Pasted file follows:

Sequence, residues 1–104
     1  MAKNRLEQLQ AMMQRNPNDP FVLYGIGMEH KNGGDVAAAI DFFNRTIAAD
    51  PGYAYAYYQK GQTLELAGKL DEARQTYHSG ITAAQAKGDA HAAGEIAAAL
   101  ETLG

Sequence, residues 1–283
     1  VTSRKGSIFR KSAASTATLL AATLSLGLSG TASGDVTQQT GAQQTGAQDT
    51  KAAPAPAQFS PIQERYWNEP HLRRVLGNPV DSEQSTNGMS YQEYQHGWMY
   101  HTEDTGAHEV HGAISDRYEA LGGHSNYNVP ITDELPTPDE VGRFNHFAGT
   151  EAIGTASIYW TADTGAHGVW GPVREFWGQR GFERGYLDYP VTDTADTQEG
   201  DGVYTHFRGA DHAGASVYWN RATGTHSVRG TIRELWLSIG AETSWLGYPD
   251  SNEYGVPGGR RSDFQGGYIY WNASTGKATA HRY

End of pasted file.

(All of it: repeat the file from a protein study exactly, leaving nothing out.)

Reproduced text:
Sequence, residues 1–104
     1  MAKNRLEQLQ AMMQRNPNDP FVLYGIGMEH KNGGDVAAAI DFFNRTIAAD
    51  PGYAYAYYQK GQTLELAGKL DEARQTYHSG ITAAQAKGDA HAAGEIAAAL
   101  ETLG

Sequence, residues 1–283
     1  VTSRKGSIFR KSAASTATLL AATLSLGLSG TASGDVTQQT GAQQTGAQDT
    51  KAAPAPAQFS PIQERYWNEP HLRRVLGNPV DSEQSTNGMS YQEYQHGWMY
   101  HTEDTGAHEV HGAISDRYEA LGGHSNYNVP ITDELPTPDE VGRFNHFAGT
   151  EAIGTASIYW TADTGAHGVW GPVREFWGQR GFERGYLDYP VTDTADTQEG
   201  DGVYTHFRGA DHAGASVYWN RATGTHSVRG TIRELWLSIG AETSWLGYPD
   251  SNEYGVPGGR RSDFQGGYIY WNASTGKATA HRY